Bradley’s fall reminds us of road perils
OF all the cyclists with whom to have a collision, it happened to be Bradley Wiggins, who is something of a living legend among the British people.
This is what happened as our Tour de France winner was cycling past a petrol station, only for there to be a collision between him and a car.
A day later, his GB cycling coach, Shane Sutton, was also involved in an accident, on the A6, which led to him suffering bleeding on the brain.
We wish them both a speedy recovery.
While not commenting, here, specifically on the Wiggins incident but in general terms, pulling out of petrol stations is a major source of collisions and bike riders are most vulnerable in these situations.
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I know because, emerging in my car, it has nearly happened to me on more than one occasion.
It is so easy to miss an oncoming cyclist unless you are particularly observant.
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It is not good enough to offer a cursory glance to the right, as most drivers do; drivers need to be at their observant best.
Over 100 cyclists have been killed since the start of the year and this would indicate there have probably been 10 times this number of collisions.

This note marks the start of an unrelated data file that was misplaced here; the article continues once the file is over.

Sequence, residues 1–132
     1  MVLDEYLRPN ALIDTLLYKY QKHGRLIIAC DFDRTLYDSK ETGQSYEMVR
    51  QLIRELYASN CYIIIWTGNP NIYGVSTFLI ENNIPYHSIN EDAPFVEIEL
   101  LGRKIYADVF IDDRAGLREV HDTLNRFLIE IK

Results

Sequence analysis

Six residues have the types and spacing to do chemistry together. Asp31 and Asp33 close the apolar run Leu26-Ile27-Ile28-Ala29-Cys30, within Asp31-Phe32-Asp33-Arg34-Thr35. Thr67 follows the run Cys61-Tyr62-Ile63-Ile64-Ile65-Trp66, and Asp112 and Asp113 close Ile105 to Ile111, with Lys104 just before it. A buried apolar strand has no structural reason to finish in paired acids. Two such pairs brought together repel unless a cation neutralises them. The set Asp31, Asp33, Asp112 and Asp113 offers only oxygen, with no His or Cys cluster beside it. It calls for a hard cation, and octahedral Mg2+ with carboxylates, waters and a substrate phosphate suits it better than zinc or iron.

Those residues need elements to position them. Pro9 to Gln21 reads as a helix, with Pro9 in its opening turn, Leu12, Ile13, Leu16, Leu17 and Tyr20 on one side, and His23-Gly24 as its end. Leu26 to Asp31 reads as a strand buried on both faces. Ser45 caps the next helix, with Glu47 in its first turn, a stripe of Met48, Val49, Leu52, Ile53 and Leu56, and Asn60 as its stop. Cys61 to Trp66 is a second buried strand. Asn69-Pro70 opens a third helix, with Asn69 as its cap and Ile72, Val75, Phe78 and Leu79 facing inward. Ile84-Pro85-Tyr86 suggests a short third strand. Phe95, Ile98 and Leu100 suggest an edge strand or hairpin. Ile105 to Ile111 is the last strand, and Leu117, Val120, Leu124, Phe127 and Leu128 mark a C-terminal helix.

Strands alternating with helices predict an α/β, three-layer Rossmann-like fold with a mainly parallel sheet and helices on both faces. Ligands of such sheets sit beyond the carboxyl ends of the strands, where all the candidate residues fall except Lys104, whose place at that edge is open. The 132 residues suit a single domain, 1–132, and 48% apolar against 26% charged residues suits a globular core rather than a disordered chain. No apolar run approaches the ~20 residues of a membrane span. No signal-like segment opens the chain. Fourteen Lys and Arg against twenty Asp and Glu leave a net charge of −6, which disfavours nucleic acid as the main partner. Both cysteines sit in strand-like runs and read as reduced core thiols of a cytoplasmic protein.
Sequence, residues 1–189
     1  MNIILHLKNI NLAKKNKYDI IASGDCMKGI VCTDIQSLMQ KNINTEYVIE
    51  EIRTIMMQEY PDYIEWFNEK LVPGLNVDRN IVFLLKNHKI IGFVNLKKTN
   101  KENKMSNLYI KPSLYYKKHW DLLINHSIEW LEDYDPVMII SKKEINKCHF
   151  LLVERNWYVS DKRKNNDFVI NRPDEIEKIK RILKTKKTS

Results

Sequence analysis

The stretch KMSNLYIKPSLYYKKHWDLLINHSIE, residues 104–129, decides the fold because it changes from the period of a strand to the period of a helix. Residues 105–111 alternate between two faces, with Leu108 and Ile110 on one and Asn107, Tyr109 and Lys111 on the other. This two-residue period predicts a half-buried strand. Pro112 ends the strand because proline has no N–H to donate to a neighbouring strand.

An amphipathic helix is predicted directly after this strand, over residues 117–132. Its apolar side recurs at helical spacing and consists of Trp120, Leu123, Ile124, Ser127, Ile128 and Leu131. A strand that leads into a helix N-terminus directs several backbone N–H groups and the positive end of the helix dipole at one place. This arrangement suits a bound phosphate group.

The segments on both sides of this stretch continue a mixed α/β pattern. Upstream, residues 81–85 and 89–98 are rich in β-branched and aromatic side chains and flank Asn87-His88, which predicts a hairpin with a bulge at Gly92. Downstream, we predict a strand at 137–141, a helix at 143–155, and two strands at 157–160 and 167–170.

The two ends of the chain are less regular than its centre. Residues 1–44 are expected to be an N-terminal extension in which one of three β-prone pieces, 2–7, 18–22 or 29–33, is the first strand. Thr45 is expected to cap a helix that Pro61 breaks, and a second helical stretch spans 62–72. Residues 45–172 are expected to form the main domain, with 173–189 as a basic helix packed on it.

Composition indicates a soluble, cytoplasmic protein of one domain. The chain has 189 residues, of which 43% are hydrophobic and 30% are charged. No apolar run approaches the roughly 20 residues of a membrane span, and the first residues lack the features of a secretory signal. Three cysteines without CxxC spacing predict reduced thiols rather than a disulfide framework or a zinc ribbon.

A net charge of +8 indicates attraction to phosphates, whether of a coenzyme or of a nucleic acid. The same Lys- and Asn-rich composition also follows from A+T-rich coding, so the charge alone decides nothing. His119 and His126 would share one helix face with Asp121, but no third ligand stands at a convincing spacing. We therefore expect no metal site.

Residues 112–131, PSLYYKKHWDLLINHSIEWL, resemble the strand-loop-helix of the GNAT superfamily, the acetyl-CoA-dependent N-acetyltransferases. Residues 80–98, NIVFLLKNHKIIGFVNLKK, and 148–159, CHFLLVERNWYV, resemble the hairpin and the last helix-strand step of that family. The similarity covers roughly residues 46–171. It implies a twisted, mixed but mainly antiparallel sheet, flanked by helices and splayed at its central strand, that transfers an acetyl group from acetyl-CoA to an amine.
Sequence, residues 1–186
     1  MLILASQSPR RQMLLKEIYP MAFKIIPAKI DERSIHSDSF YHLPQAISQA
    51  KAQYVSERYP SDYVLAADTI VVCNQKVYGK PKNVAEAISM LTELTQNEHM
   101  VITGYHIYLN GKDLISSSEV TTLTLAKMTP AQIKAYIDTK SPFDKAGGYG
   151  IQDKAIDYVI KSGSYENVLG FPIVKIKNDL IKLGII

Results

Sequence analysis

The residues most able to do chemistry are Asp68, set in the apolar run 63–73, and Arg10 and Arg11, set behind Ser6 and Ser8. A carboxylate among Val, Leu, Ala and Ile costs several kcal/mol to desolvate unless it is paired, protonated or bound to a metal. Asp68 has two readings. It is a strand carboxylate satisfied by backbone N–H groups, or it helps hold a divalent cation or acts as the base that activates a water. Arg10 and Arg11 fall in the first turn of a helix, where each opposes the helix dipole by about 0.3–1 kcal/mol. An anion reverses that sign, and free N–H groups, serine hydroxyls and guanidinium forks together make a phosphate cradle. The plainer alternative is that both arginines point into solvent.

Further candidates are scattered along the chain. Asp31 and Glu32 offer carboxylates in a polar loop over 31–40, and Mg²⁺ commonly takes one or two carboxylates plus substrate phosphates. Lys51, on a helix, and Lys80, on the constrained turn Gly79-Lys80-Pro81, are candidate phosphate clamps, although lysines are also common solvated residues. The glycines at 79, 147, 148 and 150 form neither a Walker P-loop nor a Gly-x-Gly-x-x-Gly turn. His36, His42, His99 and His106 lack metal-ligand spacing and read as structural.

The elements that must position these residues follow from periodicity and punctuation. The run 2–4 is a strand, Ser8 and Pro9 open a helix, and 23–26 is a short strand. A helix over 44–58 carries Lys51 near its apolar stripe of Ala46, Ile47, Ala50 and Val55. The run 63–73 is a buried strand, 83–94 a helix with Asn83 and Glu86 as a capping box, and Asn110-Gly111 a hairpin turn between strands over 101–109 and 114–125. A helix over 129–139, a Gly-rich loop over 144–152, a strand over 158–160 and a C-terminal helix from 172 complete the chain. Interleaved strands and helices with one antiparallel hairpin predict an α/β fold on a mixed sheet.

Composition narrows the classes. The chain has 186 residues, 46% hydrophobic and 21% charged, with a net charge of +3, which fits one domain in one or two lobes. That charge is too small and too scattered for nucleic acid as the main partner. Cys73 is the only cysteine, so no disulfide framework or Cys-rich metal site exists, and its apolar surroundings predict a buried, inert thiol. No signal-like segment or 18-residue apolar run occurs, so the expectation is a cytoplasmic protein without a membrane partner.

There seems to exist a pack mentality on our roads – motorists versus cyclists.
I’ve heard the belittling accusation from motorists about bike riders – no lights/no bills/no respect – and, undoubtedly, there is a growing number of marauding, aggressive cyclists who jump red lights, hurtle past pedestrians on the pavement and generally ignore the Highway Code.
For sure, cyclists must take some responsibility for road safety, just as brow-beaten motorists are forced to do.
But it is no good persisting with this tribal mentality between the two groups – after all, most cyclists are car drivers as well (and vice versa), so some sort of mutual respect and compatibility should exist.
On a practical level, I would like to see the re-introduction of the cycling proficiency test in schools and it wouldn’t do any harm if all new drivers were made aware of the vulnerability of cycling on main roads as part of their own driving test.
Drivers need to be more observant (particularly when it is dark and raining) and an emphasis on this carefulness has to be part of any driving test.
I remember being taught as I learned to drive – “think once, think twice, think bike”.
One thing is for certain: nearly all collisions on our roads are the result of people not being careful and, as the number of cars and bikes inexorably increase on our roads, it would be imprudent not to address the increasing lack of care manifested by both drivers and cyclists.
It is a shame it takes a serious injury to our most celebrated Olympian to bring this vexing issue into the spotlight.